"Whereas we know many of the causes of diseases such as heart disease, we know very little about the causes of cancer," said Dr. Douglas Faller, director of the Cancer Center at Boston University School of Medicine.
"We cannot tell patients why they developed cancer, so myths arise, as it is human nature to want to have some reason why. If no reason is forthcoming from the doctor, patients will seize upon a myth, as unlikely as that myth may actually be."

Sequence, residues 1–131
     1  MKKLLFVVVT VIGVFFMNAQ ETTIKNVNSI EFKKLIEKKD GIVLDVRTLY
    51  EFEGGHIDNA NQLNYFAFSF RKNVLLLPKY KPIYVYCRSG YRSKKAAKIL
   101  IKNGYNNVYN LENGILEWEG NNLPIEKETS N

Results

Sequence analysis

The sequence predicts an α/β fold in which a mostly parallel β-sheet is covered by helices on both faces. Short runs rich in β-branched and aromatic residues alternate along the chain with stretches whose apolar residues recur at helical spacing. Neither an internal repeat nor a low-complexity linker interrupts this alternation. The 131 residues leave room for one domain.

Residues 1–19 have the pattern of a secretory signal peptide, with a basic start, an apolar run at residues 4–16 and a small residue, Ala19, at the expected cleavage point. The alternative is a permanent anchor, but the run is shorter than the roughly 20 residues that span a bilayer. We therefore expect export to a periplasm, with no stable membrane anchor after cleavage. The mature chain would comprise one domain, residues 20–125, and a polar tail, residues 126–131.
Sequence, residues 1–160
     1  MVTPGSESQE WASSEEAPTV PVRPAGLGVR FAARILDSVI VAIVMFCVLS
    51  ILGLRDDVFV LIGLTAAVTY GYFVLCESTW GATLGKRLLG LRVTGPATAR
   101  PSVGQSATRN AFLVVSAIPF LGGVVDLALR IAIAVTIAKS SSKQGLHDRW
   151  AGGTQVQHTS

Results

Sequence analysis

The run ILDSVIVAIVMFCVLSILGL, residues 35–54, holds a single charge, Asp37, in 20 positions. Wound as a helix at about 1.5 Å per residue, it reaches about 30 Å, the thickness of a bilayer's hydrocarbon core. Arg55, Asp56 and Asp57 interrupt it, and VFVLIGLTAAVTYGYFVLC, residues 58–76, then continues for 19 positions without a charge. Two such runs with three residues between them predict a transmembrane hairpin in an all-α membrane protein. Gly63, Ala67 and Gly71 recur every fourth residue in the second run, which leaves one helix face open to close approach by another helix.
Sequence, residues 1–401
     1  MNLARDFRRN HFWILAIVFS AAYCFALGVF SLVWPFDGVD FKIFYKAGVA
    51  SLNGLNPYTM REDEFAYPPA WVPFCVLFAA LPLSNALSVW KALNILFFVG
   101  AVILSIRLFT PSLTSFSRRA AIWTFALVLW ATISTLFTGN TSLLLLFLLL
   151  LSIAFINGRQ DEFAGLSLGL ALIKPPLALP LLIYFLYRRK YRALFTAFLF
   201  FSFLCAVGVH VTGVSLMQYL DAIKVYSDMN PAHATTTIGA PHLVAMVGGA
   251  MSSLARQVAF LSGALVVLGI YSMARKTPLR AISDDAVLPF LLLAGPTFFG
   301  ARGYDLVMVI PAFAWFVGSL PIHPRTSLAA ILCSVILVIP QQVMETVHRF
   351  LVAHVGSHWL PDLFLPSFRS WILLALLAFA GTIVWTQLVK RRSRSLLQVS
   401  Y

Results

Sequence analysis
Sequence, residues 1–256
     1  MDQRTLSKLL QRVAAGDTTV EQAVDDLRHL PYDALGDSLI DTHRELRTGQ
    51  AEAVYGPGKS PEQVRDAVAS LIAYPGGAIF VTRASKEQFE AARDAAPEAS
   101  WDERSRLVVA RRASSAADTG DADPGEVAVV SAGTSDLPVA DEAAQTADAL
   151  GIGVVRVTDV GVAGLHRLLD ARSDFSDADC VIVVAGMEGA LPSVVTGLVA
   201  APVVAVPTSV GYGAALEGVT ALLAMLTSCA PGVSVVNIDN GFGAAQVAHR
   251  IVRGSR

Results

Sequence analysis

In the end, primary care providers can learn something from the myths themselves as they attempt to pass more correct information on to the public, according to study author Stein.
"We really want to encourage people to seek out accurate and reliable information about their health. They need to know what the risk factors are, and what they are not."